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By Danai Mushayandebvu
They say that your deeds form your habits, and your habits form your character, and the same can absolutely be said about becoming a successful restaurateur. In an industry that is saturated with ideas and flavors that will excite or fall flat on the palate, the secret sauce to success lies entirely in these habits that are recognized and practiced by successful restaurateurs.
It’s easy to be swept up in the romantic and fantastical ideals of what it means to be a restaurateur, with dreams of good wine and laughs with regular customers who are gushing over the new winter menu. But the reality is that in order to be a successful restaurateur it means being an often ruthless and entrepreneurially-minded business person above all else. A successful restaurateur knows that it takes drive, passion, long hours, dedication, expertise, money, and time to create something that is meaningful and hopefully long-lasting. If these skills aren’t the strong suit of a restaurateur, then they make it a top priority to hire a trusted business partner who is able to be that person for their business.
It should go without saying that in order to run any successful business, you need to invest heavily in the people that keep a business alive and well. In an industry where changes in employment are constant, monetary compensation and good food are not enough to keep an employee happy enough to stay in a job. Successful restaurateurs know that in order to retain their employees, they need to be devoted to who they are as people as well as their personal and professional growth. Incentive programs, weekly or monthly meetings, staff events and creating an open-door policy are fundamental in order to keep your staff happy and healthy.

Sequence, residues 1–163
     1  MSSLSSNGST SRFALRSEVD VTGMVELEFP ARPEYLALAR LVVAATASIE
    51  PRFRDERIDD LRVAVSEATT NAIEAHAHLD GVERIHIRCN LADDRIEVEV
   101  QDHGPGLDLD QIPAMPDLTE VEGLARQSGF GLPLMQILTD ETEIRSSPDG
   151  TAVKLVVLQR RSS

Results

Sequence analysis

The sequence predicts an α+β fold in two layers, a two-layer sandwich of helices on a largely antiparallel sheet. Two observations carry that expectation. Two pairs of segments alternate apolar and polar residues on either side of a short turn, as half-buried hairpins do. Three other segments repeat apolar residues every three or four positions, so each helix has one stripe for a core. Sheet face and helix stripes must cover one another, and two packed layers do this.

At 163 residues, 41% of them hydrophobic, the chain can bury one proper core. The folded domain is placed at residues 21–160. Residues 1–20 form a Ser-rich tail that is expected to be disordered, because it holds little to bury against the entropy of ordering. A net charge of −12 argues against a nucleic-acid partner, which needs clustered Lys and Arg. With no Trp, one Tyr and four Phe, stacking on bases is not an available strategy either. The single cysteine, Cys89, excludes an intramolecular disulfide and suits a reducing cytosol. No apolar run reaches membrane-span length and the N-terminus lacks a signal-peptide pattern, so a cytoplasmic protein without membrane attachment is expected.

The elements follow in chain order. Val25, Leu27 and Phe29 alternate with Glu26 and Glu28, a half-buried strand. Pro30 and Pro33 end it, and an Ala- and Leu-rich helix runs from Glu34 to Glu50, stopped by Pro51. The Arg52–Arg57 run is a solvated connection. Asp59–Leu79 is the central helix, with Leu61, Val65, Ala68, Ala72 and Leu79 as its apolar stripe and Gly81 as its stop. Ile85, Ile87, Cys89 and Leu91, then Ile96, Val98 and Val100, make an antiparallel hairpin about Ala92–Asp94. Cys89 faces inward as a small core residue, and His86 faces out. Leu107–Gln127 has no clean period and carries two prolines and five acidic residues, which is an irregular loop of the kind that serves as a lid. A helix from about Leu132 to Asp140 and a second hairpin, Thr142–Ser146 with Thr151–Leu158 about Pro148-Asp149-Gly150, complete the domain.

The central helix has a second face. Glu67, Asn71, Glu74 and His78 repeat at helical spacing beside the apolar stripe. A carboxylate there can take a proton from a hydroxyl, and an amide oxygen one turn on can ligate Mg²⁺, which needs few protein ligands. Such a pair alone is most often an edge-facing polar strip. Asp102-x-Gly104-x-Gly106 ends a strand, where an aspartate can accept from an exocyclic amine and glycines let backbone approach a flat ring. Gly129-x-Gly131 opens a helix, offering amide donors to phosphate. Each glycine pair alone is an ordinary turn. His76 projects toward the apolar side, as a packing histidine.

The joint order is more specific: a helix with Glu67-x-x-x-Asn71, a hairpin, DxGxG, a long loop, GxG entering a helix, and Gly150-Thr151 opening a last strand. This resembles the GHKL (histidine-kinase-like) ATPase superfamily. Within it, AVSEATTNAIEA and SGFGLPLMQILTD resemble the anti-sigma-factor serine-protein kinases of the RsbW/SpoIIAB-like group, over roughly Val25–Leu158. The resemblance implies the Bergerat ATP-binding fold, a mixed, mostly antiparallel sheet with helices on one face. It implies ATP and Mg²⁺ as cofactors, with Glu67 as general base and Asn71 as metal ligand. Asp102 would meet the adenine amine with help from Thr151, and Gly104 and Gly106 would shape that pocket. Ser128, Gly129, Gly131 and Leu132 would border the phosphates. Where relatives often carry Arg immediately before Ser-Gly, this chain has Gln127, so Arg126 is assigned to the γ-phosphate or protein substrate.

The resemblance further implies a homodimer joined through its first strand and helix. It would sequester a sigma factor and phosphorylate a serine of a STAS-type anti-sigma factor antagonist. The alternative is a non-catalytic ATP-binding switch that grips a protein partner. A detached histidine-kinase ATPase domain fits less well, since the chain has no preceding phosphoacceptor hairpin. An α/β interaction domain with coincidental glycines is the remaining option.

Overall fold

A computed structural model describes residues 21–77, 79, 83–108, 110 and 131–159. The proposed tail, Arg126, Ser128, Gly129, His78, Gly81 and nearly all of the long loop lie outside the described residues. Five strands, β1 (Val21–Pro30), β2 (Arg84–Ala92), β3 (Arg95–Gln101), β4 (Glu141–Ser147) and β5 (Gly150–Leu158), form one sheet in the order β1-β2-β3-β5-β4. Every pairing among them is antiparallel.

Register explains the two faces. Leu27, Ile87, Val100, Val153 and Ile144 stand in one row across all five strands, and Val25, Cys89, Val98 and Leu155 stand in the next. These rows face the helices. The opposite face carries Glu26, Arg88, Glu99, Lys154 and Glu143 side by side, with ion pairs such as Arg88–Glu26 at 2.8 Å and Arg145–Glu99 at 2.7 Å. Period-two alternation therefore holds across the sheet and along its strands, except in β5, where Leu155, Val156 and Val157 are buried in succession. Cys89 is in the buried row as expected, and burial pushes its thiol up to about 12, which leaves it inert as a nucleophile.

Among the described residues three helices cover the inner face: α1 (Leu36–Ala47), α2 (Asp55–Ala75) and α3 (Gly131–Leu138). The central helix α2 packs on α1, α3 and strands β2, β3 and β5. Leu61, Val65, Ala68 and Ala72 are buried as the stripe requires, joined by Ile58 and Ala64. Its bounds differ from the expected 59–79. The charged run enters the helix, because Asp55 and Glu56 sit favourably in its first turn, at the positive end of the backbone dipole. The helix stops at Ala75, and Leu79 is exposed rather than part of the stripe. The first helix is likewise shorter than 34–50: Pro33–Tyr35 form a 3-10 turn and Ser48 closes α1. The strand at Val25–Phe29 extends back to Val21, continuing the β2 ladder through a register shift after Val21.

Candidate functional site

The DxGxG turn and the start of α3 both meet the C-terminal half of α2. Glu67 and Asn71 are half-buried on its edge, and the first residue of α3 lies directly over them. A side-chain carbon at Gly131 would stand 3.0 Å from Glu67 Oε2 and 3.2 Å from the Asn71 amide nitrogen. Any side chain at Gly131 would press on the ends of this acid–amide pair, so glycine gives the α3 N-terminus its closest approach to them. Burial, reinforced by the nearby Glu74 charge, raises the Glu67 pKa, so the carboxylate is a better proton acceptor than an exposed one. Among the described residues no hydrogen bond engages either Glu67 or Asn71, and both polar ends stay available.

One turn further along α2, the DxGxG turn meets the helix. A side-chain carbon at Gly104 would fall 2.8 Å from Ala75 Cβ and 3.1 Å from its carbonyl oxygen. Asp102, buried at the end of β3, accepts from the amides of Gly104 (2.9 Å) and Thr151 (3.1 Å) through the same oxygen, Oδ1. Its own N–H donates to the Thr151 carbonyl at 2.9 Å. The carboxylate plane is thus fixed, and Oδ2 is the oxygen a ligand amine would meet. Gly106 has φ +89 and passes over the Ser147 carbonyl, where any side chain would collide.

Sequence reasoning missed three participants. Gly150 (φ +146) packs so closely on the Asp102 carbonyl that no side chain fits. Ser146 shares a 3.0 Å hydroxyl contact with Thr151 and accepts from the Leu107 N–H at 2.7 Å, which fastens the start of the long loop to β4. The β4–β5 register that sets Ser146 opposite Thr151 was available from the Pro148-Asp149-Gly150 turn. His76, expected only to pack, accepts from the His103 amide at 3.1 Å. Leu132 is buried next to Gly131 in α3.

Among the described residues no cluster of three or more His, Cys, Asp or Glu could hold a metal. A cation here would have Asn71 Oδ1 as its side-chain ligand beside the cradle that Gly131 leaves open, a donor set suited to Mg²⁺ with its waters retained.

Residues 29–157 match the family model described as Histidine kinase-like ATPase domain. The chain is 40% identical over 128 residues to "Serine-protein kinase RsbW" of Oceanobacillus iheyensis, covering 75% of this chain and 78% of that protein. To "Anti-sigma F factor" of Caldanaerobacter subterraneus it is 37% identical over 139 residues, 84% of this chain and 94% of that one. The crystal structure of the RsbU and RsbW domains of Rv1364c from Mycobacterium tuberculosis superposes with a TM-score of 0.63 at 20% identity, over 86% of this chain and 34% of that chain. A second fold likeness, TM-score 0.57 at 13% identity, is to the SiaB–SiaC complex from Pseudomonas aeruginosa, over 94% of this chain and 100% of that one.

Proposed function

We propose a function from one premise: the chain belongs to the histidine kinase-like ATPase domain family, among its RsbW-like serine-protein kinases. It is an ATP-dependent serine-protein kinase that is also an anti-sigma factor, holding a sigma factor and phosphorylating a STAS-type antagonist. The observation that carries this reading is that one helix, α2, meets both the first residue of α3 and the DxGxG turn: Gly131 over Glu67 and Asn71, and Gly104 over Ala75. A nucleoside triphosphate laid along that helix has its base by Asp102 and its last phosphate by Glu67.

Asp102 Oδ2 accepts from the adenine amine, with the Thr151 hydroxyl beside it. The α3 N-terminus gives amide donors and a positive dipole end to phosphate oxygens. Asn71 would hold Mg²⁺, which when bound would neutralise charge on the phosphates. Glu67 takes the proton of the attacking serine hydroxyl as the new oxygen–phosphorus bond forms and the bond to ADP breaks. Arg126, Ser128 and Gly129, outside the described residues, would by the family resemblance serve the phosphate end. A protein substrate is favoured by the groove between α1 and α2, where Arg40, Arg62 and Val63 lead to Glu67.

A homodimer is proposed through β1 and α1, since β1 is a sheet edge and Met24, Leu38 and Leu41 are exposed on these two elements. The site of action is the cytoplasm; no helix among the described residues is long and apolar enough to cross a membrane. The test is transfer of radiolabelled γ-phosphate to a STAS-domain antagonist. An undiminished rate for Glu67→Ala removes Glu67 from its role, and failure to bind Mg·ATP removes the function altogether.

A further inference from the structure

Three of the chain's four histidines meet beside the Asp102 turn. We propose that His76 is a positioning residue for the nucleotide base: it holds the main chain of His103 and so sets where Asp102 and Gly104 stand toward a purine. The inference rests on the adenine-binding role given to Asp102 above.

It’s about taking the wheel and pimping it out.
When it comes to the menu, the key is to do one thing really, really well. We live in a time where Korean-Mexican fusion is a regular thing, but what a customer values in their dining experience is that the flavors are delicious and the service is consistent. Restaurateurs have to think about why a customer would choose their burgers and fries over someone else’s, for example. The answer lies in that unique but consistent quality that they’ll have at your restaurant, and nowhere else. This ranges from the taste of the food, to the décor of the establishment, to the service that they provide, and a successful restaurateur pays attention to all of these details.
The ultimate goal is to provide an experience unlike anything else, but this should still be done while being mindful of your surroundings. A successful restaurateur won’t open the umpteenth taco joint within a 5-mile radius unless it has a creative spin that has never been seen before. The reality is that every other restaurant, coffee shop, pizza joint, or yogurt bar is competition and being mindful of what you’re bringing to the neighborhood is a contributing element to the success of a restaurant.